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United Nations Office at Geneva (UNOG)
Human Rights Council
17 April 2008
Statement on situation in Gaza and West Bank
by Special Rapporteur on human rights
in the occupied Palestinian territories
The UN Special Rapporteur on the situation of human rights in the Palestinian territories occupied since 1967, John Duggard, issued the following statement today:
The blood-letting in Gaza, and to a lesser extent, the West Bank continues. On Wednesday 16 April, around 20 Palestinians were killed in Israeli military operations. The majority of those killed were civilians and five were children. On the same day three Israeli soldiers were killed.
How long is this madness to continue without serious international intervention? It has become clear to many responsible persons with experience of the conflict, both in Israel and elsewhere, that only direct negotiations or talks between the real parties involved - Israel and Hamas - can stop the killings.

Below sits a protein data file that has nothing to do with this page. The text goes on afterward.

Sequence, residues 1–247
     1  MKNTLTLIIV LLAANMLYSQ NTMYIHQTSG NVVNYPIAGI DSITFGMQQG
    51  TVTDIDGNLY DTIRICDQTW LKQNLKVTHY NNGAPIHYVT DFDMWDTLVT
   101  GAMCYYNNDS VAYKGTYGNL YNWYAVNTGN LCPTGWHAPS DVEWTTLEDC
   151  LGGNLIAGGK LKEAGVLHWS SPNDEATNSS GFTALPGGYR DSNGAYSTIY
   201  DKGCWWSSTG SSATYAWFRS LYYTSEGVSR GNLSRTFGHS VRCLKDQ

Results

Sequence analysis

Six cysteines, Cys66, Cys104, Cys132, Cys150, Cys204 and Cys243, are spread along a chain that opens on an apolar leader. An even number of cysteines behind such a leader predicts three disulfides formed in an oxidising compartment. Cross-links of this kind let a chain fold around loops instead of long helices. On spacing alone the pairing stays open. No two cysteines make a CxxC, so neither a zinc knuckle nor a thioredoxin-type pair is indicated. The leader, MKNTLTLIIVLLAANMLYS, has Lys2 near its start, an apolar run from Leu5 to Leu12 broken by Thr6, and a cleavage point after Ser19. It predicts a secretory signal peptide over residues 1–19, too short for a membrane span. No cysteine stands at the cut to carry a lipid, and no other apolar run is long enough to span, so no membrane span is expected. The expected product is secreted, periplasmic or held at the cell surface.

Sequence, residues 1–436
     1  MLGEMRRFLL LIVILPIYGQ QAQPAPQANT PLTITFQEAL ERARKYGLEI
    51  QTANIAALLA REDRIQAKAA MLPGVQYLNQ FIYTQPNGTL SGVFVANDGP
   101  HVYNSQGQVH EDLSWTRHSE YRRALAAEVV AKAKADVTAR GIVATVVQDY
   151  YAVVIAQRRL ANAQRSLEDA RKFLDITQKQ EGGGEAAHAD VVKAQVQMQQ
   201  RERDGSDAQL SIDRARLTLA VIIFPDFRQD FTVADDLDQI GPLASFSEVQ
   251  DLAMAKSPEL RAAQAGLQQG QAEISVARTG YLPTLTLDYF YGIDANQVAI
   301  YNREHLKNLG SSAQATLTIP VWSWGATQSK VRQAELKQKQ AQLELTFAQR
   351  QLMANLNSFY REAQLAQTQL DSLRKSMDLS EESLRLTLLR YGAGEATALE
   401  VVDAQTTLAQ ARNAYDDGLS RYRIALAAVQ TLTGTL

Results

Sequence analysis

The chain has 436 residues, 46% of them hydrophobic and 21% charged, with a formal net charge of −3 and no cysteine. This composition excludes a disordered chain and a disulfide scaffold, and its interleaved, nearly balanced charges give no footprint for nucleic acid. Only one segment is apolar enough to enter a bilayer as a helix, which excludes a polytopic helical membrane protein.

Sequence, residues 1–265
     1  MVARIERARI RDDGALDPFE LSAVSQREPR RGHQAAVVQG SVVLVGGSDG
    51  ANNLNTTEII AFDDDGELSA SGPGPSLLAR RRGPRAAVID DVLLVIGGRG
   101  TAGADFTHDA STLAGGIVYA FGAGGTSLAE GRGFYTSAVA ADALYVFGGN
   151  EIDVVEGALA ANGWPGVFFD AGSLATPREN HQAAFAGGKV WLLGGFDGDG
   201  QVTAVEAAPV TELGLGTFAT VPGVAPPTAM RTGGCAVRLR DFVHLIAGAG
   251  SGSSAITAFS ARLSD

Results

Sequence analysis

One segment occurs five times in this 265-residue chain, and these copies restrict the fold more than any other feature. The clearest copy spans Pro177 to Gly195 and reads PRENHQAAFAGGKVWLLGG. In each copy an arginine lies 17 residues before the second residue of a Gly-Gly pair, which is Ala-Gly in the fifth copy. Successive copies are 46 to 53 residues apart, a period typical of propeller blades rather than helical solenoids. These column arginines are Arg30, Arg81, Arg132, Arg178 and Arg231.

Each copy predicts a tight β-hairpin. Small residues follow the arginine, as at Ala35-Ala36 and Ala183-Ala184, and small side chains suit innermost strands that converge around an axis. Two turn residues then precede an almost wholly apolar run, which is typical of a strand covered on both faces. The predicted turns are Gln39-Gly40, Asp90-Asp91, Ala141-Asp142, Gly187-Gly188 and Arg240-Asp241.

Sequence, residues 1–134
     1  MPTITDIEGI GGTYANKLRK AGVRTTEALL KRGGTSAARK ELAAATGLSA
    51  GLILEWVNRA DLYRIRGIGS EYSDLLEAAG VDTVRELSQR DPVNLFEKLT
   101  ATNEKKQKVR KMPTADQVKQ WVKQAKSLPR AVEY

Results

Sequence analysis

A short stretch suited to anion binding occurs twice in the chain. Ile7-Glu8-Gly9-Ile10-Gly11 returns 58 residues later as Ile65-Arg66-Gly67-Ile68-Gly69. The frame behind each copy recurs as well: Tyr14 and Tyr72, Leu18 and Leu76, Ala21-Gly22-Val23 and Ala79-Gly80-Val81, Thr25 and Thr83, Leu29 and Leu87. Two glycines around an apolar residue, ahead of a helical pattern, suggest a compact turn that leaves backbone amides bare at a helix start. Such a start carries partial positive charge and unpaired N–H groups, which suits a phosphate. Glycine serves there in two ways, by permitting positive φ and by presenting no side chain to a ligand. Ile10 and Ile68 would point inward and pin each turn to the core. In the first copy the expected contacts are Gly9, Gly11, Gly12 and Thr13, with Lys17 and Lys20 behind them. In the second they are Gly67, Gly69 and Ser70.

Israel's unwillingness to talk to Hamas is understandable, given Hamas' hostility to the State of Israel. But there is no reason why the United Nations, acting through the Security Council or the Secretary-General, should not intervene and assert its role as mediator. This is a role that the United Nations has traditionally played, even where one of the parties has been labelled as "terrorist". It is the responsibility of the United Nations, as the ultimate guardian of human rights and international peace, to open lines of communication between Israel, Hamas, and the Palestinian Authority in Ramallah, and to bring them to the negotiating table. Such a step would also contribute to the advancement of Palestinian national unity - another area which the United Nations has to date failed to address.
The right to life is the most precious and important human right. The United Nations, acting through the Security Council or the Secretary-General, must do its utmost to protect the lives of both Palestinians and Israelis. Surely it is not too much to ask of the Security Council, and if it cannot act, the Secretary-General, to protect human life, even if it means talking to a group of which it may disapprove politically. "